9 Red Flags That You May Be Talking to a Liar
Keep an eye out for these cues, but don't jump to conclusions.
Posted November 4, 2014 | Reviewed by Ekua Hagan
We often miss some subtle nonverbal cues that indicate someone is trying to deceive us. Those cues include the following. Keep an eye out for them:
1. Throat Clearing
It's our fight-or-flight stress response which causes the need for throat clearing in liars, as the moisture usually present in the throat reroutes to the skin in the form of sweat.
2. Hard Swallowing
Similarly, the lack of moisture in the liar’s throat due to the fight-or-flight response causes hard swallows, often referred to as the "Adam's apple jump."
3. Jaw Manipulation
Some liars open their mouths and slide their jaws back and forth. The back-and-forth movement of the jaw stimulates the salivary glands in the back of the throat. This movement is an attempt to moisten their throats, which are dry due to the fight-or-flight response.
4. Eye Pointing
Our eyes point to where the body wants to go. Liars often look toward the nearest exit, telegraphing their desire to physically and psychologically escape the anxiety caused by lying. (People who look at their watches telegraph the same message, signaling a desire to cut a conversation short.)
5. Feet Pointing
Liars will also often point their feet toward the door, signaling their desire to physically and psychologically escape an uncomfortable situation.
6. Lack of Emphatic Gestures
Liars typically experience difficulty using emphatic gestures, such as finger-pointing, light hand tapping on a table, or forward head movements. Denials combined with emphatic gestures usually indicate truthfulness.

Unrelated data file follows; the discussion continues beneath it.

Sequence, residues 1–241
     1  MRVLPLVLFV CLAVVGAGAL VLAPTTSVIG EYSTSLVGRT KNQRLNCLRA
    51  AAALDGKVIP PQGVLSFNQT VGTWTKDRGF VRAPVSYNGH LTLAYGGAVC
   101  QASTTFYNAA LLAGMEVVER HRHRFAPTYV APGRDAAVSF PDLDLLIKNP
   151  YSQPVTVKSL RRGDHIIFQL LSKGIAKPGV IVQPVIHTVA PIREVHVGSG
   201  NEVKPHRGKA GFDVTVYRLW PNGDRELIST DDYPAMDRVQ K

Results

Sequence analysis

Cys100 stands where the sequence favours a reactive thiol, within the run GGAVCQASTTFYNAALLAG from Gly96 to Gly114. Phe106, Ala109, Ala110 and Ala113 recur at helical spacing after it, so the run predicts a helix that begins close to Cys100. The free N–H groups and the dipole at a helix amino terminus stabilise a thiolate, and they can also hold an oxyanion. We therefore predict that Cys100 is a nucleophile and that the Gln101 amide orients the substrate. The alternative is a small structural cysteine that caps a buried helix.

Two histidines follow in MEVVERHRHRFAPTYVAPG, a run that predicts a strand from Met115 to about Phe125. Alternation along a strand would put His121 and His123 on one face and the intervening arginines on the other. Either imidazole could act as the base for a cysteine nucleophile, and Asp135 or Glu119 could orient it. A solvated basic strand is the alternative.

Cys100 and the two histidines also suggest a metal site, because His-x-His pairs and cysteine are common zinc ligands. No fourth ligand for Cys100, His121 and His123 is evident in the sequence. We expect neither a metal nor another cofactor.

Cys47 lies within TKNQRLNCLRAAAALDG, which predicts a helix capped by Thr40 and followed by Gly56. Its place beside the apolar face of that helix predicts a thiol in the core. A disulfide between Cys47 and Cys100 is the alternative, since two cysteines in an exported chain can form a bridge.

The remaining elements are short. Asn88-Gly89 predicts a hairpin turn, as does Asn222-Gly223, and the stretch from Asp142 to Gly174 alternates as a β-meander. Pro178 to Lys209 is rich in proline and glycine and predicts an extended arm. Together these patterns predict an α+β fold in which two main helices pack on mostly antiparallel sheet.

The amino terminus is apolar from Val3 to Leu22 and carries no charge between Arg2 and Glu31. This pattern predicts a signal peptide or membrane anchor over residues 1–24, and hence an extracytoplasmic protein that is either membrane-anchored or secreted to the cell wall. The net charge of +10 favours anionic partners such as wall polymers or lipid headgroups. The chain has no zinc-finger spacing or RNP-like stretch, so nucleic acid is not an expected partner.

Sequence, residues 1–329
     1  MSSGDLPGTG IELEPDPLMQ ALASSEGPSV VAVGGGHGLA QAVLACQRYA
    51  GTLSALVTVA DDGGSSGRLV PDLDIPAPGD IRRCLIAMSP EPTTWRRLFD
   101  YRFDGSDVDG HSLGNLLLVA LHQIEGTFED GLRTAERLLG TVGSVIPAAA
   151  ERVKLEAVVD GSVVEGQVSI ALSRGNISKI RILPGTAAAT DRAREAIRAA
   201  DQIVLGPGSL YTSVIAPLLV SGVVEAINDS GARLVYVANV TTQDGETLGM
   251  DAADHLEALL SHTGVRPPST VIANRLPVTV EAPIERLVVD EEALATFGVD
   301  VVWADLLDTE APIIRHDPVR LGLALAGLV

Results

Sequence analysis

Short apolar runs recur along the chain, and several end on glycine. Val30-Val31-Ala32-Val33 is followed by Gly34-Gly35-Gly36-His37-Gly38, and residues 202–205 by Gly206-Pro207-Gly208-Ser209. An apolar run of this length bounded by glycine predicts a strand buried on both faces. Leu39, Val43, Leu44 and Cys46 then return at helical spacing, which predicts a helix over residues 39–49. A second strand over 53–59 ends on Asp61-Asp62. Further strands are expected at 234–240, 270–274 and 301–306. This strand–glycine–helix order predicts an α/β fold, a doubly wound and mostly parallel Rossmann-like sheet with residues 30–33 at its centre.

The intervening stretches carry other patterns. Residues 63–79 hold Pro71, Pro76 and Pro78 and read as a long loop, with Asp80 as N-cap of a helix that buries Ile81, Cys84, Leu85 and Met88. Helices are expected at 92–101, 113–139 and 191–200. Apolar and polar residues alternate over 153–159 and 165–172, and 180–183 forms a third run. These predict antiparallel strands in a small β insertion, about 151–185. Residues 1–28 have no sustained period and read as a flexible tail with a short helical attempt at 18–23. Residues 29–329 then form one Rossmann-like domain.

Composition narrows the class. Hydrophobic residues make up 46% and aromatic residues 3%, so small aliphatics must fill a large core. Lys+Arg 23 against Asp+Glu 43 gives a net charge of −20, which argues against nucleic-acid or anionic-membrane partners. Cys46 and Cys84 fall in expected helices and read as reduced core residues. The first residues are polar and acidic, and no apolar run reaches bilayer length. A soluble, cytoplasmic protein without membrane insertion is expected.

7. Backward Head Movement
Liars will tend to move their heads slightly backward when they lie. This subtle gesture is an attempt to distance themselves from the source of their anxiety. People tend to lean toward the people and things they like, and distance themselves from people and things they dislike.
8. Backward Leaning
Liars often sway their entire bodies slightly backward to distance themselves from their targets. The people we're lying to cause us anxiety because we're afraid of being caught by them.
9. Suprasternal Notch
This is the indentation at the base of the neck, and it's one of the most vulnerable parts of the body, because any infiltration of it can interfere with normal breathing. When liars feel threatened, they sometimes cover their suprasternal notch to psychologically protect themselves against the threat of discovery. Women who are lying while wearing necklaces may grab, tug, or pull at their necklaces as a means to protect their suprasternal notch.
Subtle nonverbal cues that indicate deception can provide additional support to determine if a person is lying to you, but remember: No one nonverbal cue determines veracity.
Nonverbal cues are more reliable indicators when they occur in clusters, and in clusters of clusters. The best way to determine veracity remains comparing what a person said to objective facts. Absent such facts, detecting deception will always remain a difficult task: Honest people often say and do things that make themselves look dishonest, and liars often say and do things that make themselves appear truthful. In the end, a preponderance of evidence determines truth from deception.